Modulation of hypersympathotonia has been linked to pain reduction,66 enhanced healing rates,67 and improvement in a variety of visceral and somatic functions.68 This modulation is a hallmark effect of the OMM approach and warrants consideration in conditions characterized by chronic pain.

Respiratory-Circulatory Homeostasis Role in Pain—Controlled breathing (ie, focused respiration) and relief of pain have long been linked. The ancient Chinese prescribed controlled breathing for reducing arthritic pain,69 while lay and professional people in modern times have used it to reduce the pain of labor and delivery.70 Beyond the mind-body effect of focused respiration as used in meditation and in lowering blood pressure, heart rate, and pain perception, the respiratory-circulatory model popularized by Zink and Lawson71 is characterized by reduction of edema and associated peripheral biochemical molecules linked to nociception.

Treatment goals associated with the Zink-Lawson respiratory-circulatory model71 are traditionally administered in the following sequence:

  • 1. Opening fascial pathways. Somatic dysfunction associated with fascial restriction to fluid flow is corrected with OMT at four regional transition zones of the body.

  • 2. Maximizing primary-secondary respiration. Effective, deep synchronized respiration is sought using a variety of osteopathic manipulative techniques, including doming of the thoracoabdominopelvic diaphragms.

  • 3. Augmenting lymphaticovenous drainage. Homeostatic OMT is applied (often using one or more rhythmic lymphaticovenous pumps) to effect pressure changes between the thorax and adjacent regions. Recent literature suggests that such rhythmic motion may also have a beneficial effect on increasing release of endothelial nitric oxide synthetase, a homeostatic molecule.44,72

  • 4. Enhancing cellular level health. Local tissue techniques (eg, effleurage) are used to mobilize local edema.

  Figure 4. 
              Sample osteopathic manipulative treatment (OMT) protocols for enhancing homeostatic responses. Abbreviations: CV 4 indicates compression of the fourth ventricle; BMT, balanced membranous tension; SBS, sphenobasilar synchondrosis; IX-X, glossopharyngeal and vagus cranial nerves; OA-AA-C2, occipitoatlantal, atlantoaxial, and second cervical vertebral units; SI joint, sacroiliac joint.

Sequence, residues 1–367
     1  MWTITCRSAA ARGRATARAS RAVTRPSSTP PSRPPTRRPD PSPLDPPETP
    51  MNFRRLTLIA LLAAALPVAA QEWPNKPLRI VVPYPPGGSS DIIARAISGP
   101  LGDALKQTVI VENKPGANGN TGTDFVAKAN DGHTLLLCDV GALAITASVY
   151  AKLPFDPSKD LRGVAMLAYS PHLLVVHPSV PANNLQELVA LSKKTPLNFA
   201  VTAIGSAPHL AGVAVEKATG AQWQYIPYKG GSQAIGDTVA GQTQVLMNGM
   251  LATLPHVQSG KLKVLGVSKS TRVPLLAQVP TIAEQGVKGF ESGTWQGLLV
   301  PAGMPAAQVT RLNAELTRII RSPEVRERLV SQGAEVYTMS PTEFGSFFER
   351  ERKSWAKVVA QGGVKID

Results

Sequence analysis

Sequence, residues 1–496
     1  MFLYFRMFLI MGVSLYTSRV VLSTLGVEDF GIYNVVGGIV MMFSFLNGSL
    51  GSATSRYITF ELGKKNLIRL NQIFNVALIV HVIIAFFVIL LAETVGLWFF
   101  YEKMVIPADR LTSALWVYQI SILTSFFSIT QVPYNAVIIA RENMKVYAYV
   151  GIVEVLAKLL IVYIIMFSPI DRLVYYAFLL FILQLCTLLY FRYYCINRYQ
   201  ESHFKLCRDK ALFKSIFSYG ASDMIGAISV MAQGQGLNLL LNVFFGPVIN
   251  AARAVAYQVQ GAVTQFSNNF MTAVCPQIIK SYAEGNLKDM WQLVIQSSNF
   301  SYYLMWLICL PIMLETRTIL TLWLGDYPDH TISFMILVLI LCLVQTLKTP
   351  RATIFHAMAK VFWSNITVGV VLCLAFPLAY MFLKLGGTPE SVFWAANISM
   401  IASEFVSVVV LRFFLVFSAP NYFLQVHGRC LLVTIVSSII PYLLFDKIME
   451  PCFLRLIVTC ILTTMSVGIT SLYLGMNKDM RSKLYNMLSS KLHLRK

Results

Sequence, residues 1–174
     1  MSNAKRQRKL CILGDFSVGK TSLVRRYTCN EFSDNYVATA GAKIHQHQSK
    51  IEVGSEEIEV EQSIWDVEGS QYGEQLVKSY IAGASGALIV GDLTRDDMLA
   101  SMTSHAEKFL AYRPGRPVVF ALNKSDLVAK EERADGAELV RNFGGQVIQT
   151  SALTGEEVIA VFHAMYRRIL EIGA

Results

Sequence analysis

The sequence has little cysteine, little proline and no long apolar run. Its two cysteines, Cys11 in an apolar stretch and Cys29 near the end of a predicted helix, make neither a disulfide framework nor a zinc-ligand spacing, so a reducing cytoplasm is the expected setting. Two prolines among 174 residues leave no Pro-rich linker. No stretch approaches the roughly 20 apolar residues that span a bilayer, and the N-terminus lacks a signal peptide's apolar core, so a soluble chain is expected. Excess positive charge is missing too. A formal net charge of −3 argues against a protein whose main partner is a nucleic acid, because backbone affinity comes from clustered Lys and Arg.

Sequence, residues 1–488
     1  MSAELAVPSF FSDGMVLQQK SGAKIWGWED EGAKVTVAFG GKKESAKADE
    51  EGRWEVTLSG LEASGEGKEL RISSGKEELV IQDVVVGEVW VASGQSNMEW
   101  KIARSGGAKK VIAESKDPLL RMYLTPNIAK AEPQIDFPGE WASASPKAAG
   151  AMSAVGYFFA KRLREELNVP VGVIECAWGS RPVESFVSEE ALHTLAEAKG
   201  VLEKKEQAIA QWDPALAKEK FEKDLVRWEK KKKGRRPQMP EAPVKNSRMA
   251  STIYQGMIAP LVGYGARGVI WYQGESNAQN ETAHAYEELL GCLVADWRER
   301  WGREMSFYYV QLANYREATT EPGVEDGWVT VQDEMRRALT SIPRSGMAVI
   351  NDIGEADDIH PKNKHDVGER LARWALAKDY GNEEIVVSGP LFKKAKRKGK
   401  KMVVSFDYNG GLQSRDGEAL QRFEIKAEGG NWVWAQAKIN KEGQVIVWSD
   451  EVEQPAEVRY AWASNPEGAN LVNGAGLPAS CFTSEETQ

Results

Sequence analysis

Figure 4.

Sample osteopathic manipulative treatment (OMT) protocols for enhancing homeostatic responses. Abbreviations: CV 4 indicates compression of the fourth ventricle; BMT, balanced membranous tension; SBS, sphenobasilar synchondrosis; IX-X, glossopharyngeal and vagus cranial nerves; OA-AA-C2, occipitoatlantal, atlantoaxial, and second cervical vertebral units; SI joint, sacroiliac joint.

Deep breathing creates obvious motion in at least 136 joints and is palpable in all body tissues.73 It is a continuous movement with active and passive components. Through tensegrity relationships, the patient or osteopathic physician can focus deep breathing to remove motion restrictions or engage neuromuscular reflexes to achieve tightening or relaxation of selected tissues.73

Postural Homeostasis in Pain and Dysfunction—Chronic or recurrent pain syndromes have been linked to conditions predisposing patients to postural stress (eg, altered lordotic-kyphotic curves, lower extremity asymmetry, postural muscle imbalance, scoliotic changes, unlevel cranial base, unlevel sacral base). Travell and Simons26 note that postural decompensation is the most common precipitating and perpetuating cause of MTrPs. These MTrPs are implicated in many chronic pain syndromes, ranging from LBP and headaches to carpal tunnel syndrome, temporomandibular joint dysfunction, and pain perceived as angina.27

Pain associated with postural stress and strain can be sclerotomal (ie, postural ligaments) or myotomal (ie, postural muscles). It can also have a significant role in radiculopathies associated with osteoarthritic and discogenic conditions.50 Irvin74 demonstrated that chronic pain throughout the body could be attributed to an unlevel sacral base, and reestablishing postural homeostasis removed most of the symptoms.